Simple is better you say?
We’ve never been shy about our love for illustrative logos (something for which we’ve often been criticized) and embrace the style quite enthusiastically. Personally speaking, I always love the craftsmanship that goes into these types of logos, and while I agree that simplistic is usually preferable to complicated, there’s also times when a full-blown illustrative treatment is what the design doctor put on his RX pad. This is one of them.
The creative brief.
There’s an entire subculture to the tattoo scene (I don’t have one so don’t know, my daughter who has a few, tells me this.) There are certain expectations in the graphic art that’s aimed at it – it has to be rebellious and a little edgy. That’s also what the creative brief for Mad Hatter Tattoo told us. They wanted “crazy,” “zany,” “over the top,” and “wild.” Something that “really stood out.”
The design process.
Some of the original client-requested concepts involved an octopus. Yep, an octopus (ink, right?.) The problem with the octopus motif is that it implies someone/something that isn’t focused on one task – tattooing in this instance – but more flailing about, haphazardly inking everywhere. Thankfully, this avenue of exploration was discarded pretty well off the hop. There was a monkey. The other direction worth exploring – and an obvious tie-in – was the Mad Hatter himself. That would require developing a character. With these beginning concepts in mind, we took a stab at some preliminary (and very rough) sketches.
The octopus was out. So too was the monkey. This Mad Hatter fellah though. This required a Tim Burtonesque approach, unlike our earlier ideas (which, truth to tell, looked more like a kid’s birthday magician than a Mad Hatter anyway.) Here’s what we came up with:
Now that’s a little more like it. A Mad Hatter that was full of character, over the top and zany. One by one, we were checking off the creative brief text boxes. Once we had him established as a starting point, we began looking at how to incorporate typography into the design. There are certain expectations of what a tattoo parlor font is supposed to look like I suppose (it’s actually kinda cliche) so we started by roughing things in first:
The positioning worked, but the font wasn’t gothic, “tattooish” enough if you will. We rummaged through our font folder to see if there was something we could work with:
We ended up selecting this style. It worked for a variety of reasons, the most important was that it offset the illustration beautifully.
Out of the box, the font wasn’t quite right, so it needed to be tweaked and played around with a bit, but once added to the design, everything seemed to gel quite nicely. Here’s how the final art looks:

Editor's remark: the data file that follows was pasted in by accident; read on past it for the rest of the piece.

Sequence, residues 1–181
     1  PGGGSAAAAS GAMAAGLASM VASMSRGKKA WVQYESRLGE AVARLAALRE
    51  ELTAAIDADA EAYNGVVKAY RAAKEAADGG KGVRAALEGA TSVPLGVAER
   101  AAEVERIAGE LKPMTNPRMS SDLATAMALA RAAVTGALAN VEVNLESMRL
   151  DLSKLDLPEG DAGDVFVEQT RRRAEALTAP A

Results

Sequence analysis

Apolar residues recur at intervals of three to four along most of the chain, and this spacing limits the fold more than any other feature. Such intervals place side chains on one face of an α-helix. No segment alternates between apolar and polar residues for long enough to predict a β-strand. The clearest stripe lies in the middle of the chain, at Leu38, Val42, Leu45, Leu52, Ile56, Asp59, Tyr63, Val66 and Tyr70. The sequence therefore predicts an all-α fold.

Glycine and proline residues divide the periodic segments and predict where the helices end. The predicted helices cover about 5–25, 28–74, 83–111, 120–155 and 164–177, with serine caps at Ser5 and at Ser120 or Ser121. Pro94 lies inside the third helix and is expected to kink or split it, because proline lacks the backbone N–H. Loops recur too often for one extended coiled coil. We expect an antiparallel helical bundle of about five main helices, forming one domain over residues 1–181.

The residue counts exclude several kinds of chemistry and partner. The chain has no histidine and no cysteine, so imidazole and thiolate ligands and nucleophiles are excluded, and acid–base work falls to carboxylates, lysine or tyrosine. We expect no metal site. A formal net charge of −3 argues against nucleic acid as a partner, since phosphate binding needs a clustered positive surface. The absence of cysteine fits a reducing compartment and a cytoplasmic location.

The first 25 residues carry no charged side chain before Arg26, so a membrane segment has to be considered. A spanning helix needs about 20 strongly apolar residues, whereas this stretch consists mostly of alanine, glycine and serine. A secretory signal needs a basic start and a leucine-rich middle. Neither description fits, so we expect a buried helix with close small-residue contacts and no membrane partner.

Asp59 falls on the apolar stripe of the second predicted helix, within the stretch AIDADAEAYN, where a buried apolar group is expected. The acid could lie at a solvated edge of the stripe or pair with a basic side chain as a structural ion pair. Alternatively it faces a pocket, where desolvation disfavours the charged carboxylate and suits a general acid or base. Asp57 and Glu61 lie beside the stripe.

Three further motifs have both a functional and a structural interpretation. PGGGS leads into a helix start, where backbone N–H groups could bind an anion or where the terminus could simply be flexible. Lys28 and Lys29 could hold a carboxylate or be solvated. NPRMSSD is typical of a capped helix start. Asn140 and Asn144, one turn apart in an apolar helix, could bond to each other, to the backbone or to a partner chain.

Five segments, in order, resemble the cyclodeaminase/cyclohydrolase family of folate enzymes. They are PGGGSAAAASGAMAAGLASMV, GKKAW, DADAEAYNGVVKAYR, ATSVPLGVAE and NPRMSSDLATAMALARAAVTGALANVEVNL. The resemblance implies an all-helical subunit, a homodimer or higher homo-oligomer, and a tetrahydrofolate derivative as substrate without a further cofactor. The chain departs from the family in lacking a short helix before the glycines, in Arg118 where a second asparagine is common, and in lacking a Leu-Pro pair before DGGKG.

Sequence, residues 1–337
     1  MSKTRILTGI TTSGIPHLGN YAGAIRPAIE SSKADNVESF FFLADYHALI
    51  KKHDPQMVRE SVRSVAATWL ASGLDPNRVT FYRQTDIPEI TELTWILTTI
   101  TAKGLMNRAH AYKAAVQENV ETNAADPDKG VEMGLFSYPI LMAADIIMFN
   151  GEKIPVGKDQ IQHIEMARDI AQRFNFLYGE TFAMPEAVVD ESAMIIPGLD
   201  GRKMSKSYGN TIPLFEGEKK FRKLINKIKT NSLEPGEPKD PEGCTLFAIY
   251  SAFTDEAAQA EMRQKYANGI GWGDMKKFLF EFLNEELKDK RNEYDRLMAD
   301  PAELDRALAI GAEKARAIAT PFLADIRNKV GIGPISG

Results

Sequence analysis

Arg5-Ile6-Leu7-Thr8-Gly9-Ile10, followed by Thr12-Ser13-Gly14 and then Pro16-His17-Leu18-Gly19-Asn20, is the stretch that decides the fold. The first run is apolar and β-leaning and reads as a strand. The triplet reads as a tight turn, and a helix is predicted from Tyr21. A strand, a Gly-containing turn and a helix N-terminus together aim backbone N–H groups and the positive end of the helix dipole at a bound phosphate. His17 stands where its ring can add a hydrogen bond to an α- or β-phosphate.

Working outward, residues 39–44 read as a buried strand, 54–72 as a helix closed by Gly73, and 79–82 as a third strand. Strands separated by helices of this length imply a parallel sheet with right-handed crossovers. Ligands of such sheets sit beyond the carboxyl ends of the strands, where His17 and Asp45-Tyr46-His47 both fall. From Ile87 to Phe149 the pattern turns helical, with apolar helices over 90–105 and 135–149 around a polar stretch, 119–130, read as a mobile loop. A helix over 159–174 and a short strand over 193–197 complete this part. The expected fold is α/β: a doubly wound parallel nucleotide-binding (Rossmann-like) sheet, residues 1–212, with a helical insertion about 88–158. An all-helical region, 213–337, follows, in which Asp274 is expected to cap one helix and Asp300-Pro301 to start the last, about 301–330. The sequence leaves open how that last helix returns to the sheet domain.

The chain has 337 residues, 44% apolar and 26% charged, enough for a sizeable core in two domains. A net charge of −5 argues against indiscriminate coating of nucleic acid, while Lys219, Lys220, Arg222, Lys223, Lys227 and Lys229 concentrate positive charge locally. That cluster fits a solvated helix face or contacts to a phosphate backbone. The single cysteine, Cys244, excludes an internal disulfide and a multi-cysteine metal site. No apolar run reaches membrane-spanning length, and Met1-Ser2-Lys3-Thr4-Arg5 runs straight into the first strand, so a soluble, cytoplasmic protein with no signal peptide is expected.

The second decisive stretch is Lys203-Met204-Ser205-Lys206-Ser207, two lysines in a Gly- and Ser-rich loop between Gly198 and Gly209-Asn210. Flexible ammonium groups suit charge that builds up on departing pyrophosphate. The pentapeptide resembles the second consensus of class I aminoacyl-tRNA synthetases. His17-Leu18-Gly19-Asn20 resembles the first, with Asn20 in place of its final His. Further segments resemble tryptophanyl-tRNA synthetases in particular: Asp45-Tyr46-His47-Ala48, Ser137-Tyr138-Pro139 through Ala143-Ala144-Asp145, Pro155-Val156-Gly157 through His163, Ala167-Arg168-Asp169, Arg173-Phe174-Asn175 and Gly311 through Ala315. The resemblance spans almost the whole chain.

Here’s how the final logo came together. If there’s one quibble I have is that the tattoo needle device (no idea what they’re called) is far too realistic and thematically at odds with the rest of the design. Trouble is, that’s what the client wanted – his thing was tattoos, using (then) state-of-the-art equipment and wanted that emphasized. A small concession to be sure, considering the free reign we otherwise had, but one that bothers me to this day. In any case, this is an exceptionally complex illustrative logo, probably the second or third most complex that we’ve ever done.
The technical stuff.
How complex is it? Let’s take a look at the initial and unedited wireframe view of the vectors involved:
And how it relates to the “filled” version:
Wow. That’s a lot of vectors. One of the downsides to a logo like this, from a technical perspective anyway, is that if it ever came to prepping this for output, vinyl plotter for example, it would require massive file editing that might cost as much as the original job itself. It would also require someone who is extremely proficient in logo file setups (not to toot our own horn, but yeah, we’re pretty good at this sort of thing.) We also broke the logo into a text only version, something that can be used in a pinch when space and/or aspect ratio wouldn’t permit use of the full blown design:
While it’s becoming less and less a deal-breaker these days, it’s always advantageous to have black and white versions of a logo. With a logo like this, it isn’t a matter of simply converting the logo to greyscale by using the conversion feature in Illustrator. Sometimes tonal rangers don’t translate well into black and white, things that should be dark becomes light and vice versa, so art of this nature always requires at least a minimum of hand-editing.
A linear logo is also recommended – these can be output into as stickers or printed as one color T-shirts, in this instance dark ink on light shirts (printing light ink on dark shirts requires entirely different artwork. By simply changing the ink to white, you end up with an X-ray image, so the artwork has to be rebuilt with screen-printing in mind. That’s a difficult concept for many designers to wrap their heads around and probably worth a blog post of its own at some point.) Anyway – here’s the final linear version:
A couple of slight variants to wrap things up: